His book, Meeting The Mountains can be seen while standing in the queue at Disney's Animal Kingdom for Expedition Everest. While passing along the line, one passes by many glass cases displaying the history of mountains and, at one point, there is what is supposed to look like an office with his book on the top bookshelf.

Due his long work as editor of the Himalayan Journal, Kapadia became an important chronicler of mountaineering.[8]

On 3 November 2017, in Seoul, South Korea, Kapadia was awarded the Piolets d'Or Asia Life Time Achievement Award. He is the first Indian to receive this prestigious award for his outstanding career in mountaineering and exploration.[9]

In appreciation of his authorship of many books and his stewardship of the Himalayan Journal as an editor for 35 years, he was further honoured by the Korea Alpen Book Club and made an honorary member.[10]

Notable climbs[edit]

Total: peaks climbed: 33, * first ascents 21

  • Jatropani (4,071 metres (13,356 ft))
  • Ikulari (6,059 metres (19,879 ft))
  • Bethartoli Himal South (6,318 metres (20,728 ft)) (Garhwal)
  • Shiti Dhar (5,290 metres (17,360 ft)) (H.P.)
  • Devtoli* (6,788 metres (22,270 ft))[2]
  • Kalabaland Dhura* (6,105 metres (20,030 ft))
  • Koteshwar II* (5,690 metres (18,670 ft))(Garhwal)
  • Yada (4,115 metres (13,501 ft))
  • Jalsu (4,298 metres (14,101 ft)) (H.P.)
  • Lagma* (5,761 metres (18,901 ft)),
  • Zumto* (c.5,800 metres (19,000 ft))
  • Tserip* (c.5,980 metres (19,620 ft))
  • Kawu* (c.5,910 metres (19,390 ft)) (Spiti)
  • Kalanag (6,387 metres (20,955 ft))
  • Bandarpunch West* (6,102 metres (20,020 ft)) (Garhwal)[2]
  • Parilungbi (6,166 metres (20,230 ft))[2]
  • Runse* (6,175 metres (20,259 ft))
  • Gyadung* (6,160 metres (20,210 ft))
  • Geling* (c. 6,100 metres (20,000 ft))
  • Lama Kyent* (c.6,040 metres (19,820 ft))
  • Labrang* (c.5,900 metres (19,400 ft)) (Spiti)
  • Nandi* (5,795 metres (19,012 ft)) (Garhwal)
  • Laknis* (6,235 metres (20,456 ft))
  • Chogam (6,250 metres (20,510 ft))
  • Skyang (5,770 metres (18,930 ft)) (East Karakoram)
  • Panchali Chuli* (5,220 metres (17,130 ft))
  • Draupadi* (5,250 metres (17,220 ft)) (Kumaon)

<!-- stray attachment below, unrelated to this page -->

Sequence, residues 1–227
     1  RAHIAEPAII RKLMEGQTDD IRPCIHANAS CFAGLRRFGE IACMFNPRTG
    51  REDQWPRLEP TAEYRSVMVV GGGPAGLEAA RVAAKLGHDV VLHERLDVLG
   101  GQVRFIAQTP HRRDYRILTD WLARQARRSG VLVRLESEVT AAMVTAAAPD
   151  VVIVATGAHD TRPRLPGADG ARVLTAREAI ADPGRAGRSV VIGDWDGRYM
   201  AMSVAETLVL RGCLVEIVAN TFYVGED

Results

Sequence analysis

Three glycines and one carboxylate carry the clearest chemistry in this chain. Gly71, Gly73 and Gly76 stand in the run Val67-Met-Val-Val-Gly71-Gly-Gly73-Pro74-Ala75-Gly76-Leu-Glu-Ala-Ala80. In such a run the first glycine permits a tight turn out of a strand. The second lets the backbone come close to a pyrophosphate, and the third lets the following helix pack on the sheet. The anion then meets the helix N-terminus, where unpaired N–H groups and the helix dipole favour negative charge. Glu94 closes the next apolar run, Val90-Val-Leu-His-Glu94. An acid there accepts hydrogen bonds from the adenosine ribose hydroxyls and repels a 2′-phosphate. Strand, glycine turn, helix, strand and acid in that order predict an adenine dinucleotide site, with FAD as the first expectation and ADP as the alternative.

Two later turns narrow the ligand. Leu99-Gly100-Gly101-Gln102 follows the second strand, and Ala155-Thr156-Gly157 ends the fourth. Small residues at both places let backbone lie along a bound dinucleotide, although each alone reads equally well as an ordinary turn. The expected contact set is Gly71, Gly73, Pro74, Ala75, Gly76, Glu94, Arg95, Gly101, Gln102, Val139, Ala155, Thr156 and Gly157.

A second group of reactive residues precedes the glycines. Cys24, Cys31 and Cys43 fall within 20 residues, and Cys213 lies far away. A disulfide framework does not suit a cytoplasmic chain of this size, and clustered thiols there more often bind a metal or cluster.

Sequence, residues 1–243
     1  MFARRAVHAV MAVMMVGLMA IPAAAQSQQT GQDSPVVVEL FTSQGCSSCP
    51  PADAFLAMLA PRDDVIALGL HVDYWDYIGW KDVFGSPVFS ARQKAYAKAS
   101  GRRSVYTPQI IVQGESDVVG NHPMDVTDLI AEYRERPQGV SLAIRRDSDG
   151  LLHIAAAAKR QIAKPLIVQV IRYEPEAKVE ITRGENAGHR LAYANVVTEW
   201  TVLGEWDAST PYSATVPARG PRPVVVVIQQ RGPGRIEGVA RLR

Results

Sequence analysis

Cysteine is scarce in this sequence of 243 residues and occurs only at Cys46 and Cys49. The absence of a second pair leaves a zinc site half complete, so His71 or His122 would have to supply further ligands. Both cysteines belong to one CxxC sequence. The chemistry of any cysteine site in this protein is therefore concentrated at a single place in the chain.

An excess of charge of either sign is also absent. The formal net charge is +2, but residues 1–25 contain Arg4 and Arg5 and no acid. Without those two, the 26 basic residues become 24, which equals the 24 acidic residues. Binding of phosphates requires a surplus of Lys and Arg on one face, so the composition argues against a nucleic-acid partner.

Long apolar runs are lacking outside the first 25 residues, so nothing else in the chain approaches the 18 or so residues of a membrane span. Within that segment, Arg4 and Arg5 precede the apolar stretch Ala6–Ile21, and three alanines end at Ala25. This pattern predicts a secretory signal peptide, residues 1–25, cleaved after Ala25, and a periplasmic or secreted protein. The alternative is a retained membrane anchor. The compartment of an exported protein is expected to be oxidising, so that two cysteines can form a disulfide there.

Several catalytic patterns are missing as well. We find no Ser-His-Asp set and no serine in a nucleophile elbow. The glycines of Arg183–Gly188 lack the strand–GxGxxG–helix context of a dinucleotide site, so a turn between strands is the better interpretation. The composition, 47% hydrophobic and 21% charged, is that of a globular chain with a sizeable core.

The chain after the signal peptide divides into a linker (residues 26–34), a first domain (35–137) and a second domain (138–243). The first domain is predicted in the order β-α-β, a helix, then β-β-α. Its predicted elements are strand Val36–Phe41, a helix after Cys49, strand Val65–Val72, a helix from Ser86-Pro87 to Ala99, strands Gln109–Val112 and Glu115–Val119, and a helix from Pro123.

• Khamengar (5,760 metres (18,900 ft)) (Spiti)
  • Mangla* (5,800 metres (19,000 ft))
  • Kunda*(5,240 metres (17,190 ft)) (Kinnaur)
  • Lungser Kangri* (6,666 metres (21,870 ft))[2][11]
  • Chhamser Kangri(6,622 metres (21,726 ft)) (Ladakh)
  • Bhagat Peak* (5,650 metres (18,540 ft)) (Garhwal)


  • Exploring the Hidden Himalaya
  • Trek the Sahyadris
  • High Himalaya Unknown Valleys
  • Spiti Adventures in the Trans-Himalaya
  • Meeting The Mountains
  • Across Peaks and Passes in Kumaun
  • Across Peaks and Passes in Garhwal
  • Across Peaks and Passes in Himachal Pradesh
  • Across Peaks and Passes in Ladakh, Zanskar and East Karakoram
  • Across Peaks and Passes in Darjeeling and Sikkim Himalaya
  • A Passage to Himalaya (editor)
  • Trekking and Climbing in Indian Himalaya


  1. ^ a b c d "Himalayan climber to give lecture". The Irish Times. 24 November 2011. Retrieved 23 December 2016.
  2. ^ a b c d e f g "Kapadia gets Patron's Medal". The Tribune. 25 May 2003. Retrieved 23 December 2016.
  3. ^ a b "Meet Harish Kapadia, who knows the Himalayas, Sahyadri like the back of his hand". DNA India. 11 December 2013. Retrieved 22 December 2016.
  4. ^ "Alpine Club Notes" (PDF). Alpine Journal. Retrieved 24 December 2016.
  5. ^ "Lt. Nawang Kapadia". Retrieved 23 December 2016.
  6. ^ "The Nanda Devi mystery". Live Mint. HT Media. 18 April 2015. Retrieved 23 December 2016.
  7. ^ "In memory of an army officer slain in battle". Rediff. 16 August 2002. Retrieved 22 December 2016.
  8. ^ Eberhard Jurgalski (2008). "History of chronicles", 8000ers.com. Retrieved 9 May 2015.
  9. ^ "First Indian gets Piolets d'Or; Harish Kapadia does country proud". Dream Wanderlust. 3 November 2017.
  10. ^ "Rare honour for veteran Indian climber". Dream Wanderlust. 10 November 2017.
  11. ^ Harish Kapadia (1999). Across Peaks & Passes in Ladakh, Zanskar & East Karakoram. New Delhi: Indus Publishing Company. p. 73-86.

External links[edit]